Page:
Interview: Sam King (Get Dead) discusses working with Fat Mike, contributing to the Tony Sly tribute and a more

Interview: Sam King (Get Dead) discusses working with Fat Mike, contributing to the Tony Sly tribute and a more

San Francisco act Get Dead are churning out their own specific brand of punk rock that cannot quite be pigeon-holed.  Not long ago the band caught the attention of Fat Mike and in July they released their Fat Wreck Chords debut “Bad News”. On the Philadelphia stop of the current Fat tour we had the chance to sit down with vocalist Sam King to talk about their experiences on their new label, the Tony Sly contribution, whiskey and a whole lot more.

You can check out the full interview below.

DS: What made you decide to re-release “Kerouac’s Teeth”, “Here’s Your Letter” and “This One’s For Johnny” on Bad News?

Sammy: We had that back catalog and we had released it, but never fully released it. The only way you could get it was if you came to a show. Fat Mike listened to those and liked those ones and asked if we wanted to put it on the new album because we never got exposure with it. So it made our job a little easier in the studio.

What was it like working with Fat Mike on the Album?

Good, he’s a strange dude. No, he was really great. His style is that when recording there is not a lot of talking. It’s like “Go, do it, hurry up,” which is good because with us on previous albums there has been a lot of lollygagging around and taking too long. He puts a fire under your ass. Josh Garcia helped out with sound engineering, so it was rad.

From what I see online most publications have all used the words “booze” and “whiskey” while describing your sound. Does that bother you at all?

Yeah, I mean, I drink a lot of whiskey so I don’t take offense to it. It does get kind of old though. It is hard because I don’t project my voice to sound like that. I’ve sounded like this since I was a kid. I’ve always had a raspy voice. I’m not doing it any favors by writing songs about whiskey and shit either. But no, it doesn’t bother us. Nothing bothers us.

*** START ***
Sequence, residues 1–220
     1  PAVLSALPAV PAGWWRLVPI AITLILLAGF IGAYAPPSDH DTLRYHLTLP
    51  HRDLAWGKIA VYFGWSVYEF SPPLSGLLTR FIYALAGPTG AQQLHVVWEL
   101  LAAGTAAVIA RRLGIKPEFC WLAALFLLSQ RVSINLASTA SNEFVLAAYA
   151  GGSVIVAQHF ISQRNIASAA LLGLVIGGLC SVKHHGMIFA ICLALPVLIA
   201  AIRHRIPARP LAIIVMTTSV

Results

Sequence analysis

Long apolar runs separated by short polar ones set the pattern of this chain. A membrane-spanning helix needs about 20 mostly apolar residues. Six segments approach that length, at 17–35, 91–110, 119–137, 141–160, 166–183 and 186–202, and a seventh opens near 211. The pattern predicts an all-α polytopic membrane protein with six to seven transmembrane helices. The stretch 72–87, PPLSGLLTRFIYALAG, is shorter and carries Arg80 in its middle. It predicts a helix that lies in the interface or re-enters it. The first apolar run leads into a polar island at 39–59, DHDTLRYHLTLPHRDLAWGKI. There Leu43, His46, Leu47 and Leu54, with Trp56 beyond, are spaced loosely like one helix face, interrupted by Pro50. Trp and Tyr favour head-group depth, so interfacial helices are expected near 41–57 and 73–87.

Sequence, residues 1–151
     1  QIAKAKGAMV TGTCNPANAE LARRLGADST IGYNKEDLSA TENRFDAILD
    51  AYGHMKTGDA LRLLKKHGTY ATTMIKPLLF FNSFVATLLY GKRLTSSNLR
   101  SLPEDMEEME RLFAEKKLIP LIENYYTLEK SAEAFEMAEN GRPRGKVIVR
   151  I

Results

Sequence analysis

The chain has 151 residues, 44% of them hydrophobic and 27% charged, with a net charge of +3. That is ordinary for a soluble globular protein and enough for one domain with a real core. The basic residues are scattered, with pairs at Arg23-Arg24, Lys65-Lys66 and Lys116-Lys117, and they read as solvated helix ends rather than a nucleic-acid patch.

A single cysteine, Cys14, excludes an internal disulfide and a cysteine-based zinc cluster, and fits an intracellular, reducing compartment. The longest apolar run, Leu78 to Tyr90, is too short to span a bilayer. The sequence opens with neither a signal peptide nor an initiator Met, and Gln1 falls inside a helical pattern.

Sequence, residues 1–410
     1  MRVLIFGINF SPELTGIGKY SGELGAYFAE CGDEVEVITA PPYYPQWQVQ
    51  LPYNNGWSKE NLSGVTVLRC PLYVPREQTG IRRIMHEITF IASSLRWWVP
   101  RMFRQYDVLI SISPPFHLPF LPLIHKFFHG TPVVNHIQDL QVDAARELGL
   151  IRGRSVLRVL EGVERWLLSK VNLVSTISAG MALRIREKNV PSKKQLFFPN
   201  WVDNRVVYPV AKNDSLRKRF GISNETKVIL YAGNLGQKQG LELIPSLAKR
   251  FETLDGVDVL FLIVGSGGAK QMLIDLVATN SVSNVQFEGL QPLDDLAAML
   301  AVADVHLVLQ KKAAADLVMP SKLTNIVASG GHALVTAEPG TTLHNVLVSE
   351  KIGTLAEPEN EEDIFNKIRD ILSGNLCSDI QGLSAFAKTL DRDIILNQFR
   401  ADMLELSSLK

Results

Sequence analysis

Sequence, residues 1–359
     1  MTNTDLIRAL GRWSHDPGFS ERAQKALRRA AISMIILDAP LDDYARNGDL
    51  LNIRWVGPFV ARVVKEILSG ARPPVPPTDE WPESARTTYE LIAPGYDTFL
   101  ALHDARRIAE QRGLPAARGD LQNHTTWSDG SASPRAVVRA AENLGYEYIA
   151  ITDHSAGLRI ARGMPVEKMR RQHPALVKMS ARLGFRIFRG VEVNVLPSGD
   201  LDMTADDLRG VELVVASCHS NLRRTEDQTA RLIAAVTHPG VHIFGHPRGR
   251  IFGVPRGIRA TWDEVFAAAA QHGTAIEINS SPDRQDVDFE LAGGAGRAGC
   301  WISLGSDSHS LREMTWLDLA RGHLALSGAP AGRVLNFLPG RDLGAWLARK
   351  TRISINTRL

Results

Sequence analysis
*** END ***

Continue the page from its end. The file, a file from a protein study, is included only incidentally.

So if you could explain your sound to someone, how would you describe it?

I don’t know, I would just say that it is rock and roll. I mean I guess it is punk rock. We’re punk rockers but we don’t have mohawks, or crazy studs and shit, but the ethics are there. I would say…this is a weird question. I would say that if you want to have a couple beers, then wind down, or fucking rage, then Get Dead is probably for you.

 Awesome. If you could put any other band from Fat on this tour, who would it be?

Damn. We partied with NOFX out in Amsterdam. Saw their show, and they are fun dudes to party with. That’s a big thing with us on touring, we have to get along with all the other bands. We stay up every night until 6 in the morning, a lot of people can’t hang. But NOFX could. I really like The Flatliners. I think The Flatliners are fucking awesome.

Yeah, they’re awesome. I just saw them a few weeks ago.

I haven’t seen them live yet, but I hear they’re fucking great. But yeah, Flatliners, NOFX, we’re good friends with everyone on the Fat label. We play with the Swingin’ Utters, I like them. But yeah, all of them. I wish we could do the whole roster.

 Your song “The Process” is highly reminiscent of early Rancid, in my opinion. Were they a heavy influence for you?

I mean yeah. How can Rancid not be an influence on anybody in the punk rock scene? I grew up in San Jose California, and some of those dudes are from Campbell, so we listened to them and stuff. We definitely didn’t set out to be like “We’re fucking trying to be Rancid”.

 No, it just sounds like they influenced it a bit.

Oh yeah! Our previous albums were more hardcore albums, so on “Bad News” it was the first time that we mixed acoustic and electric and kind of went a little more melodic with it.

 You guys covered “Pre-Medicated Murder” on the Tony Sly Comp. What was that experience like?

It was awesome and not awesome at the same time. It is kind of like a downer, but supporting a good cause. It was awesome. Mike hit us up and said “Hey, do you want to be on the comp?” and we hit the studio and tracked it in a day. When we saw the lineup and who was on it we were like “Oh fuck”.

 Yeah, it’s killer.

Yeah, it’s heavy. The actual experience of recording it was great, but the reason we recorded it wasn’t so hot.

 Final question, what is your favorite all time release from Fat Wreck Chords?

Of all time? Woah. The other dudes from my band are going to fucking crucify me, but I’m gonna go with S&M Airlines. It was one of the first punk rock CDs I got when I first started skateboarding. I would listen to it all the time on my little mini-ramp and get down with it.

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